Spark and its fellow Southern Cross Cable shareholders have inked agreements and received regulatory approval for Telstra to become a 25 per cent shareholder.
Telstra will also become an anchor customer of the new Southern Cross Next undersea cable, the building of which will now proceed.
Next has been developed as an extension of the existing Southern Cross cable ecosystem and when completed is expected to be the lowest latency path from Australia and New Zealand to the United States, Spark said.
"The transaction will complete subject to certain conditions being satisfied," the company said. "These are procedural in nature and are expected to be satisfied within the next few days."
Shareholdings in the cable company before the deal were Spark 50 per cent, SingTel Optus 40 per cent and Verizon Business 10 per cent.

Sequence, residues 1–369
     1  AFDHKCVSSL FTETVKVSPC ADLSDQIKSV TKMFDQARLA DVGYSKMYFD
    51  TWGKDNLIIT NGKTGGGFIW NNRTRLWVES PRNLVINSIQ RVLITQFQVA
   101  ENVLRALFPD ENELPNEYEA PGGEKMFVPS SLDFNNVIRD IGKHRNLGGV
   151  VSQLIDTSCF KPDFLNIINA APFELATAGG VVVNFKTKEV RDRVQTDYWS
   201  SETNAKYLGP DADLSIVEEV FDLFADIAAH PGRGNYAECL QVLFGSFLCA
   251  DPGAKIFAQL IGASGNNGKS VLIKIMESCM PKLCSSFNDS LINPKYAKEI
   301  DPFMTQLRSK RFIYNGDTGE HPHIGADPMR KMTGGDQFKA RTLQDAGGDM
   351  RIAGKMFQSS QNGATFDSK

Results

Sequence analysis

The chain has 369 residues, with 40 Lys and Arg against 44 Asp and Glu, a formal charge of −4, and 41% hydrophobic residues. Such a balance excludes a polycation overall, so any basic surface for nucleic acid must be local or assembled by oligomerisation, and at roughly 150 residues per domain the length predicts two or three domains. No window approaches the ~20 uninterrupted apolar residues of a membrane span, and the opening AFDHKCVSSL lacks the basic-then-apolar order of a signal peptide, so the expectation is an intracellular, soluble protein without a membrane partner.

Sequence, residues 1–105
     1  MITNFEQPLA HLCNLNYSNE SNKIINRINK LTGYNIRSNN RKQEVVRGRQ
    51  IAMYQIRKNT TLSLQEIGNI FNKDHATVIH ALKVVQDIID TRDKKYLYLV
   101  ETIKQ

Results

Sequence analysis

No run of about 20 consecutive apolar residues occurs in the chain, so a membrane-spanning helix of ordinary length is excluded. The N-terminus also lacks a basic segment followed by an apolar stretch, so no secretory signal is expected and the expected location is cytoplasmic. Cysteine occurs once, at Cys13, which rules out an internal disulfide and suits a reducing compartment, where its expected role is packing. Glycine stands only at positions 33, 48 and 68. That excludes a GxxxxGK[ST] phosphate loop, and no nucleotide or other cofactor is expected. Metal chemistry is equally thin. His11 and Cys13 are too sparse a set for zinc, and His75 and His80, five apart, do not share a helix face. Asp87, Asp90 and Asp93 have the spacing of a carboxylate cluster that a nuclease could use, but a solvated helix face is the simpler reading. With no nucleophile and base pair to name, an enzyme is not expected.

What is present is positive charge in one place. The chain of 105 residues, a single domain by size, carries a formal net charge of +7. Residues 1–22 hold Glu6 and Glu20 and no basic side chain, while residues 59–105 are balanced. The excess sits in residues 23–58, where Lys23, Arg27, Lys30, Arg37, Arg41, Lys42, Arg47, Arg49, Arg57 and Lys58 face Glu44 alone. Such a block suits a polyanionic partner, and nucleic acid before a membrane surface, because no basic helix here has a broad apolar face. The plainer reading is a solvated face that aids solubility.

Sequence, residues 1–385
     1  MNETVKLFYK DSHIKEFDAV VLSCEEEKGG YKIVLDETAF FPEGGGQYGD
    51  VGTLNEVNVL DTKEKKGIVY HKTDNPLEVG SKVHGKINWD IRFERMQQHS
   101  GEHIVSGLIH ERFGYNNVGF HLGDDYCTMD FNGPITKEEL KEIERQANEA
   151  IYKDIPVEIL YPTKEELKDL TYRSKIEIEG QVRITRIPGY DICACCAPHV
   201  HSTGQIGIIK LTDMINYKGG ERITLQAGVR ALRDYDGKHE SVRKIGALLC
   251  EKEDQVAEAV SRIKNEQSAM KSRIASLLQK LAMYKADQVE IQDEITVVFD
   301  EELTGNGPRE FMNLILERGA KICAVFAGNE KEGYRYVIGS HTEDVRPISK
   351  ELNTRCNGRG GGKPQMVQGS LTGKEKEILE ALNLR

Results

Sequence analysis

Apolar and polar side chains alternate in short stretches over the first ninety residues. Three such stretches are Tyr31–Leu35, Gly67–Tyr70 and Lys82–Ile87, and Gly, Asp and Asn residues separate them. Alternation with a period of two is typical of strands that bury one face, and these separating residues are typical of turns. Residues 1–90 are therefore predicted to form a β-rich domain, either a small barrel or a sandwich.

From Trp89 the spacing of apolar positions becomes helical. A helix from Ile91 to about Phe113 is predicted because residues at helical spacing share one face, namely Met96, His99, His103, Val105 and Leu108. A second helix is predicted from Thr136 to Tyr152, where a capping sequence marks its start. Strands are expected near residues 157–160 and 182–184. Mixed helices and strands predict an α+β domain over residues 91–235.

The approximate shareholdings after the deal will be Spark 40 per cent, Singtel/Optus 33 per cent, Telstra 25 per cent and Verizon 2 per cent.
Build costs for Southern Cross Next are expected to be approximately US$300 million and will be funded via a combination of debt held by Southern Cross, the retention of dividend streams from the existing cable network during the build phase and further equity investment by Southern Cross shareholders.
Spark said no dividends expected to be received from Southern Cross in the 2020 and 2021 financial years. The company's results have already been impacted in 2019 by the loss of those dividends.
As a consequence of the deal, Telstra will become a Southern Cross shareholder and Spark’s shareholding will be diluted from 50 per cent to approximately 40 per cent.
Spark expects to contribute a total of between $70 and $90 million of equity across 2020, 2021 and 2022.
The new cable will deliver greater certainty of supply and is expected to generate strong long-term returns, with dividend receipts expected to resume from 2022.
Southern Cross and Alcatel Submarine Networks sealed an agreement in April for the supply of the cable.